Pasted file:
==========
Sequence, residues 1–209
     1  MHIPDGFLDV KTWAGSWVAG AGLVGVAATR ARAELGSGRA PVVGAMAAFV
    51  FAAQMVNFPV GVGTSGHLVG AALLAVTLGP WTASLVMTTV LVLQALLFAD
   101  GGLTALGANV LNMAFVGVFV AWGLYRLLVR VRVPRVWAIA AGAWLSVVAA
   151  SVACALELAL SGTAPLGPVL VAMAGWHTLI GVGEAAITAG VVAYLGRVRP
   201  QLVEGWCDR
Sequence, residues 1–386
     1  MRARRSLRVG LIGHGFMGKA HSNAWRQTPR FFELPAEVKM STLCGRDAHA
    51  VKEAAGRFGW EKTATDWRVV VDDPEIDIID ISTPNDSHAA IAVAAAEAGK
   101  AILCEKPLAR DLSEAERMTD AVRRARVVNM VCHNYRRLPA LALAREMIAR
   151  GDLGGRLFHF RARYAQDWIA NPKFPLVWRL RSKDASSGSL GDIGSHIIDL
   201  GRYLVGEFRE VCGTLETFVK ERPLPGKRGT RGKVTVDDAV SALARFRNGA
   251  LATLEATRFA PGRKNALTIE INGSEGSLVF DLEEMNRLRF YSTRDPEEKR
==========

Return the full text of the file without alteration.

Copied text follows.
Sequence, residues 1–209
     1  MHIPDGFLDV KTWAGSWVAG AGLVGVAATR ARAELGSGRA PVVGAMAAFV
    51  FAAQMVNFPV GVGTSGHLVG AALLAVTLGP WTASLVMTTV LVLQALLFAD
   101  GGLTALGANV LNMAFVGVFV AWGLYRLLVR VRVPRVWAIA AGAWLSVVAA
   151  SVACALELAL SGTAPLGPVL VAMAGWHTLI GVGEAAITAG VVAYLGRVRP
   201  QLVEGWCDR
Sequence, residues 1–386
     1  MRARRSLRVG LIGHGFMGKA HSNAWRQTPR FFELPAEVKM STLCGRDAHA
    51  VKEAAGRFGW EKTATDWRVV VDDPEIDIID ISTPNDSHAA IAVAAAEAGK
   101  AILCEKPLAR DLSEAERMTD AVRRARVVNM VCHNYRRLPA LALAREMIAR
   151  GDLGGRLFHF RARYAQDWIA NPKFPLVWRL RSKDASSGSL GDIGSHIIDL
   201  GRYLVGEFRE VCGTLETFVK ERPLPGKRGT RGKVTVDDAV SALARFRNGA
   251  LATLEATRFA PGRKNALTIE INGSEGSLVF DLEEMNRLRF YSTRDPEEKR